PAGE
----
Respiratory System

To live, we need oxygen. Our respiratory system has adapted to allow gaseous exchange of atmospheric air and the by products of respiration to travel in and out of the body. The respiratory system works together with the cardiovascular system to provide oxygen and remove carbon dioxide (by product of respiration). Fitness instructors and personal trainers learn about the respiratory system during their level 2 gym instructor modules and level 3 personal trainer modules. It is important to understand the structures and functions, this allows us to plan safe and effective training and build an awareness of the lifestyle factors that can affect the functions of the respiratory system.


Respiratory Pathway

Air passes into and out of the body through the following respiratory pathway:

  1. Nose / Mouth
  2. Pharynx
  3. Larynx
  4. Trachea
  5. Bronchus
  6. Bronchioles
  7. Alveoli


When we breathe in, air passes from the top of the pathway into the bottom of the pathway. When we breathe out, air passes from the bottom of the pathway to the top of the pathway. Oxygen and carbon dioxide move from high concentrations to low concentrations.


Functions of the Respiratory System

The function of the respiratory system is simple;

  • Take in oxygen and;
  • Remove carbon dioxide

Terminology

  • Inspiration/inhalation: – drawing air into the lungs.
  • Expiration/exhalation: expelling air out of the lungs.
  • External respiration: exchange of gases between the lungs and blood
  • Internal respiration: exchange of gases between the blood and all cells

Mechanics of Breathing

Air conditioning units in buildings constantly draw external air into buildings and draw out the air from within the building, expelling it into the external environment. Our respiratory system does a similar job except the air is either rich with oxygen and low in carbon dioxide or low in oxygen and high in carbon dioxide. To understand the mechanics of ventilation we must understand the mechanics of breathing in and out.



When you breath in or Inhale:

The internal intercostal muscles relax and the external intercostals contract, pulling the rib cage up and out. The diaphragm contracts and pulls down. The lung volume increases, decreasing the air pressure inside the lungs, drawing air into the lungs.

When you Breath out or Exhale:

The external intercostals relax and the internal intercostals contract, pulling the rib cage down and in. The diaphragm relaxes, drawing up Lung volume decreases and the air pressure inside the lungs increases, forcing air out of the lungs.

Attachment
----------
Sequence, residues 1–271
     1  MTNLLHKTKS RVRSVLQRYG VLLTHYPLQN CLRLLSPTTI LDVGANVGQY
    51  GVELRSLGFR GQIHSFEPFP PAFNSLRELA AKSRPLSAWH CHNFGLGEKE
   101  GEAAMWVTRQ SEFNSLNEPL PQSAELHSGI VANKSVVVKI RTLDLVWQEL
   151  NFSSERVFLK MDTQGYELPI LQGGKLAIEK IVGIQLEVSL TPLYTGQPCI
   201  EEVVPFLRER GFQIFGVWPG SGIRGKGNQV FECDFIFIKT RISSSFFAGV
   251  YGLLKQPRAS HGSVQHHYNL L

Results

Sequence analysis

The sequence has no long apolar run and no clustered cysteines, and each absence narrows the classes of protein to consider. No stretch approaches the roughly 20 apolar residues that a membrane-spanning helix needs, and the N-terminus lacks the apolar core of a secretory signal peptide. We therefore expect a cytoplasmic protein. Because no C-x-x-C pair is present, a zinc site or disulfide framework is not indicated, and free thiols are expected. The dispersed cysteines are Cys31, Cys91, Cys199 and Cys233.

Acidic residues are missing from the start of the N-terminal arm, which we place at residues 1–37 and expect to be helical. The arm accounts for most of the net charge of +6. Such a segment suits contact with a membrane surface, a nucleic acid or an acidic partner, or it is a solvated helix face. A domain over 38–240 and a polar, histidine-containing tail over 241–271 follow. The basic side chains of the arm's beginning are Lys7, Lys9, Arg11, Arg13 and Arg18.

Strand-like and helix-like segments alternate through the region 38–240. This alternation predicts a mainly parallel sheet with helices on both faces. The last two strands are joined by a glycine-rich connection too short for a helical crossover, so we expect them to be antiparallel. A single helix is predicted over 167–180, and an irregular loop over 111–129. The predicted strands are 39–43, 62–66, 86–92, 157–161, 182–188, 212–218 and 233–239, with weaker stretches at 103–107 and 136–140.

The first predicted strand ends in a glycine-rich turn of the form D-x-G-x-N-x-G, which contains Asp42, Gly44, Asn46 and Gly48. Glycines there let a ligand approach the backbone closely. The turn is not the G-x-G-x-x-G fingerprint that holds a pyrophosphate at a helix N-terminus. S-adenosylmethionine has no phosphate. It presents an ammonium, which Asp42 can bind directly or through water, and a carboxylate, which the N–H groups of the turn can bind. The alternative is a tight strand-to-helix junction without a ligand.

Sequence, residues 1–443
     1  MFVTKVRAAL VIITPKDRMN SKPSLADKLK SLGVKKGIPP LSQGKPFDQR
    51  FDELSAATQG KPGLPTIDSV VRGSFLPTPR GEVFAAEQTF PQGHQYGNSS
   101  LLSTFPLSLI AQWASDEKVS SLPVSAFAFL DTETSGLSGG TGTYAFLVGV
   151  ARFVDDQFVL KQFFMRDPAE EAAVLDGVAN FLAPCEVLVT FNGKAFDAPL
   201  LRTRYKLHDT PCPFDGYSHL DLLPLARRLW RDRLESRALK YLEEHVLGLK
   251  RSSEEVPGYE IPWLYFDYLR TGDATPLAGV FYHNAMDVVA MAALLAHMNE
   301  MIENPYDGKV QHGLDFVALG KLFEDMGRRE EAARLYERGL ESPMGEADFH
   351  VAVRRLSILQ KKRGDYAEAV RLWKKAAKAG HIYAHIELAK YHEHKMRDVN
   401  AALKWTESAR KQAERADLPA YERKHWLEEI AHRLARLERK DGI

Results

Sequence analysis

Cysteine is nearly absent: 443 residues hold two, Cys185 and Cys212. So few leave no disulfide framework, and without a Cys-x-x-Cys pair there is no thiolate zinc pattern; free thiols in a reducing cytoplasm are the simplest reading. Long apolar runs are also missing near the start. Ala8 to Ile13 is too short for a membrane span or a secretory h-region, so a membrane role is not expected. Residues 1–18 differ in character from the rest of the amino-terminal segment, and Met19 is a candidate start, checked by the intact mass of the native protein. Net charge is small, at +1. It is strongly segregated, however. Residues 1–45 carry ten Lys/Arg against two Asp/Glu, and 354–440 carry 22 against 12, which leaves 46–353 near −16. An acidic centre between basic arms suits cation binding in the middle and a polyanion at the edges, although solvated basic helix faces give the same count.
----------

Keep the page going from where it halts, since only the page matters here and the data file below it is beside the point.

Breathing is triggered by rising amounts of carbon dioxide within the blood and stretch receptors within the respiratory muscles.


Gaseous Exchange

Gas exchange takes place in the alveoli within the lungs. Alveoli are small sac like structures, their features include:

  • Thin walls (1 cell thick)
  • Large surface area
  • Moist surface
  • Numerous capillaries

Oxygen and carbon dioxide flow from high concentrations to low concentrations and are aided by negative pressure, produced by the mechanics of breathing.


Diffusion

Diffusion is the movement of gas from a high concentration to a low concentration. When we breathe in oxygen is pulled into the lungs and travels down the trachea, to the bronchioles and into the Alveoli. Oxygen is transferred from the Alveoli to the blood via “diffusion” and carbon dioxide is transported from the blood to the alveoli. This process continually maintains the constant flow of oxygen and carbon dioxide.

Oxygen and carbon dioxide are carried to and from cells by binding with the iron rich protein haemoglobin. This transport protein carries oxygen to be exchanged at working muscle cells and carbon dioxide from working cells to be exchanged at the alveoli.



Inhaled & Exhaled Air

Atmopheric air and exhaled air contain the exact same gases but they contain different amounts of the same gases. Specifically exhaled air contains:

  • Less oxygen
  • More carbon dioxide
  • Slightly more nitrogen


Lung Volumes

Tidal Volume: The amount of air breathed in during one normal breathe. Average tidal volume is 0.5l (500ml).

Inspiratory reserve volume: is the maximum amount of air that can be taken in to the lungs after one normal breathe.

Expiratory reserve volume: is the maximum amount of air that can be forced out of the lungs after one normal breath out.

Residual reserve volume: is the amount of air in the lungs after one maximum breathe out. This air keeps the lungs partially inflated to protect the internal structures of the lungs from damage.


Effects of Exercise on Breathing

During exercise there is an increased demand for oxygen and the removal of carbon dioxide. This means that cells of the body “respire” more during exercise than they do when resting. The cardio-respiratory system is the respiratory system and the cardiovascular system working together to remove waste products from working cells and deliver oxygen to working cells.

During exercise we know that, heart rate increases to send more deoxygenated blood to the capillaries of the alveoli within the lungs to pick up oxygen and drop off carbon dioxide. To accommodate this need by the cardiovascular system, the respiratory system responds. The respiratory system increases breathing rate (frequency of breaths) and the depth of breathing (tidal volume) increases. With an increased breathing rate and depth, tidal volume increases to support the delivery of oxygen and the removal of increased levels of carbon dioxide.


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